Shae repeated his performance over and over to the great enjoyment of my daughters when they returned from shopping. In the days to follow, adults would point to a lamp and say to Shae, “Wazzat?” Shae would dutifully respond, “’ight!” After about a week of this, Shae’s second word became “Wazzat?”
When we arrived back at the campsite, I unbuckled Shae and we stepped out of the Explorer into the vast moonlit darkness of the desert. I wondered what was going through the little child’s mind after all the excitement outside the store. I was carrying him to the tent when he pointed his finger up in the air.
“’ight! ’ight!” he cried. Shae had taken note of the moon.
Below…Father Joe Eagan ’40 got a group of his classmates together in the Chicago area in June. This may be a record for reunion longevity.
CLASS OF 1940• • • 65th REUNION• • • CHICAGO 6/2/2005
Usually, in October, we submit our recent fiscal year financial statement. As this newsletter is quite busy, we are postponing that report until January when we will present the report for out first five years.
Is it OK for the distaff side to make herself known? I feel like I know a good number of you already. I'm Kathy Martinotti, widow of Bob (’58). He died, like a good Italian, on the Ides of March, 2004.
By your reminisces in the general e-mail, I'm filling in the blanks of what he told me of your "wonderful" experiences back in the good old days.
When we were first married, we used to take a day trip, every so often, and drive up to Campion and Wyalusing. We would have been married 40 years, about 2 1/2 months after he died. So he had ample time to slowly relate the Campion story.
I think his old yearbooks are around here somewhere. When I find them, I'll be able to put a young, handsome face to the names I see. The only one I know personally is Ted Lownik, who's been a very good friend thru Bob's last years and even before that.
In case you have a problem remembering the jolly green giant, I'm embedding a photo of the two of us from about 10 years ago. I'm the one in the wheel chair.
I'd love to hear from his old friends.
From Jim Glenn ’48:
What a splendid newsletter and gallery of photos!!!!! I am truly sorry I could not participate in the All Class reunion. But at that time I was in the very middle of my annual teaching of our first year medical students here at Hopkins. And immediately after that I was on my way to Japan for international conferences where I was to present two papers of research findings, neither of which had received an appropriate amount of preparation. So I really had to burn the midnight oil (like in our closets of Marquette Hall on returning from basketball trips to Menasha or wherever on Sunday nights) to get the data in presentable form. Next year I shall surely try to make it. I was delighted to see my old friend and football buddy, Jerry Adler, and John Beringer too. Speaking of old football buddies, I enjoyed seeing Charlie Pechous and reading Miller Bransfield’s letter. They were a year ahead of me, but the real inspiration of our ’47 team along with Paul Fatum…as I remember with the greatest fondness.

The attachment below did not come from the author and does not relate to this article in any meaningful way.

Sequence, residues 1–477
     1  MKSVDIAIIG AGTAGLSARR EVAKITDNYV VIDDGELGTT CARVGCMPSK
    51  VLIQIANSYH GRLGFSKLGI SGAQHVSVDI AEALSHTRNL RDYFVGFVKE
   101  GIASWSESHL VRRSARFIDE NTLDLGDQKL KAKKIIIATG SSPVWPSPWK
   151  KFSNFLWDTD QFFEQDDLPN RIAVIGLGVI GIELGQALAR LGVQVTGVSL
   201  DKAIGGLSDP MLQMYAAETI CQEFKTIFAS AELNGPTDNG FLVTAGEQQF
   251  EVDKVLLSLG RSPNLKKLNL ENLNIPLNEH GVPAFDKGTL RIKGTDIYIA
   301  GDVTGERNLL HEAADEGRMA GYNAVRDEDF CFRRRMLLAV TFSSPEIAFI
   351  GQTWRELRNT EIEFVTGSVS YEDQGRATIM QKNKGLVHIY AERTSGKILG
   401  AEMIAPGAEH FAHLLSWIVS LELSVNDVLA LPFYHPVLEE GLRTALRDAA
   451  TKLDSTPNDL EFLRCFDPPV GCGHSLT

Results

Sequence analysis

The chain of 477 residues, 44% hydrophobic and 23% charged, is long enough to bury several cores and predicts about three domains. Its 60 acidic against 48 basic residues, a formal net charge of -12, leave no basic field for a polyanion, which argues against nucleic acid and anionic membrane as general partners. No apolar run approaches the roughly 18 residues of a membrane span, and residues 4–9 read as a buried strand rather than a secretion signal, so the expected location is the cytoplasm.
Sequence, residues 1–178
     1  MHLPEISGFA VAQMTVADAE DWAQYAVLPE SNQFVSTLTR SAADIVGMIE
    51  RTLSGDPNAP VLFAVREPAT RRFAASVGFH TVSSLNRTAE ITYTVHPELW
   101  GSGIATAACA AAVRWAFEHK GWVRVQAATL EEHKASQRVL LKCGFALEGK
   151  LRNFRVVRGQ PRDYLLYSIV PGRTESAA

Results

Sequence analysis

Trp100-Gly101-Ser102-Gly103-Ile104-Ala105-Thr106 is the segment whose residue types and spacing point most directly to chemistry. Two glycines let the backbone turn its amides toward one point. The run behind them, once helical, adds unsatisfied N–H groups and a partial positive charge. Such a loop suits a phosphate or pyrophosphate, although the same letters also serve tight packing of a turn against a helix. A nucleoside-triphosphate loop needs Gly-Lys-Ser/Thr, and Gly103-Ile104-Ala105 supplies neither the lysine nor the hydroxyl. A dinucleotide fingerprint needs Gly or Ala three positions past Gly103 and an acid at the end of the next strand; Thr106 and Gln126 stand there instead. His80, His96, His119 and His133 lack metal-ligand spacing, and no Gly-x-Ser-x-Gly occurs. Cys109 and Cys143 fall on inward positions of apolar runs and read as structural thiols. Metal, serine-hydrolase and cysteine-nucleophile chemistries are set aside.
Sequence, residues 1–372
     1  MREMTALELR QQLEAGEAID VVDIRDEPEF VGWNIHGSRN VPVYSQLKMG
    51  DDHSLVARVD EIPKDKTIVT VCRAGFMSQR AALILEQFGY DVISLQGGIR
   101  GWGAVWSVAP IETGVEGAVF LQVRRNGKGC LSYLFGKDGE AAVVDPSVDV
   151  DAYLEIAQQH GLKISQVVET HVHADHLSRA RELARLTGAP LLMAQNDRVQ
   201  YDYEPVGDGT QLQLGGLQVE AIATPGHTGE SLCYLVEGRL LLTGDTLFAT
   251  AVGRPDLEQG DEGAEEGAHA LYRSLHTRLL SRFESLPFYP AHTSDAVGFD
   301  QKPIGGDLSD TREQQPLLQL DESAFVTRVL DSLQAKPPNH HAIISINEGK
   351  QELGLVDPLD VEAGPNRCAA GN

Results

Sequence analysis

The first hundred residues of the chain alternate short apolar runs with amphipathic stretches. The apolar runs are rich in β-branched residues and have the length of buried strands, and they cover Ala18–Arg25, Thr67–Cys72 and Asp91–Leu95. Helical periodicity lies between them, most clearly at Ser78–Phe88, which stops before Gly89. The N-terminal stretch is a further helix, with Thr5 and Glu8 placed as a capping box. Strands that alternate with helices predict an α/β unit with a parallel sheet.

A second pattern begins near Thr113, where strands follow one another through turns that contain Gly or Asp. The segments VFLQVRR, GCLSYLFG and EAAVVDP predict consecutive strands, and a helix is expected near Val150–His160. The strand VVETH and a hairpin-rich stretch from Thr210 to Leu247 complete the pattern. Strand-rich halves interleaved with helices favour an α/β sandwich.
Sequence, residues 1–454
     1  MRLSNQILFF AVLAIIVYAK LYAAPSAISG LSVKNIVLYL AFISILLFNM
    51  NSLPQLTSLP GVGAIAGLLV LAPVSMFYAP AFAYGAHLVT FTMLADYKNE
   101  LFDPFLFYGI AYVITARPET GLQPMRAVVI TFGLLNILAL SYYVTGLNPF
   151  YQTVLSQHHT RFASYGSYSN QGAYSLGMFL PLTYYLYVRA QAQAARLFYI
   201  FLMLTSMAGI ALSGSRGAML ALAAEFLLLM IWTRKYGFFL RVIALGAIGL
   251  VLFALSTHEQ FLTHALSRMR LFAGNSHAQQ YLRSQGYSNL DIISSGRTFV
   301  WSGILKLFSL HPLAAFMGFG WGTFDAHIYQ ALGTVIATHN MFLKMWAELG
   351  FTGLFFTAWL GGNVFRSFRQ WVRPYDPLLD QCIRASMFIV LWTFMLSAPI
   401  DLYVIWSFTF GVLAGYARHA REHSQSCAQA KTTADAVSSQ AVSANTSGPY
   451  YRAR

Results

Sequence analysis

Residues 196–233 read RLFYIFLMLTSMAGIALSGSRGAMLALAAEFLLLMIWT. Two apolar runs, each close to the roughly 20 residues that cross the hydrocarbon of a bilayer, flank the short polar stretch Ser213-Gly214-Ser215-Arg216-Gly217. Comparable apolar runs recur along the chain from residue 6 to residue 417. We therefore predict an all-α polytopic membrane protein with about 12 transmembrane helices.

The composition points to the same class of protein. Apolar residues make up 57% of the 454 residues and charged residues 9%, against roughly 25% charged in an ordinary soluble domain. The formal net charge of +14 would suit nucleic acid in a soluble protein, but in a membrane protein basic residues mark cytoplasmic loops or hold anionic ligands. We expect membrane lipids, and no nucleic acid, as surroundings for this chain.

All goes quite well with me presently. In August of 2003 I had a very serious bicycle accident. I had to give up jogging because my knees were complaining. But still trying to get some cardiopulmonary challenges, I took up bicycling. Anyway, I must have hit a pothole or something. I was not wearing a helmet which I never did preferring a baseball cap. I flew over the handle bars and landed on my head. Was knocked unconscious, and once found in the gutter, was whisked off to the U of Maryland’s Shock Trauma Center where I remained in a coma for two weeks. They had to remove the right half of my skull because I had a hematoma developing. In doing so they found lacerations to other tissue in the brain. I also tore the rotator cuffs in both shoulders. At 72 years of age one does not want to do these things; healing and repairing processes take much longer. But thanks to some excellent physical therapy I improved and was back to work full-time by mid-December. They had put my demi-skull back in place in mid-November. I ended up losing the vision in my left eye; the eye itself is fine meaning the damage is in the brain somewhere. Recently I severely sprained the medial collateral ligament in my left knee and tore the meniscus. Again at 74 healing processes move with the velocity of dirt. But all is coming along. I must keep up a fairly brisk pace because of my 18-year old son. He has become a very successful soccer player, and was elected by the National Soccer Coaches Association of America to last year’s Youth All-America team. He will start his senior year at Loyola High School here in Baltimore and has been All-City and All-State for the past two years. He plays on the Region 1 (Maine to Virginia) Olympic Development Program Team; they have played in Italy, Austria, and England. His high school team will play in Scotland and England in early August. He was elected to the National Honor Society. He has a First Honors GPA; so not all is soccer. But he is being recruited by Michigan, Virginia, Clemson, Maryland, and some others to come and play soccer. He’s a goalkeeper. Well, I guess that about covers it for now. I shall certainly send you the $7.50 for the Directory. And keep up the great work!!! You’re doing a wonderful service for all of us older and younger lovers of “Where the Mississippi and Wisconsin role their tides in one” . Take care.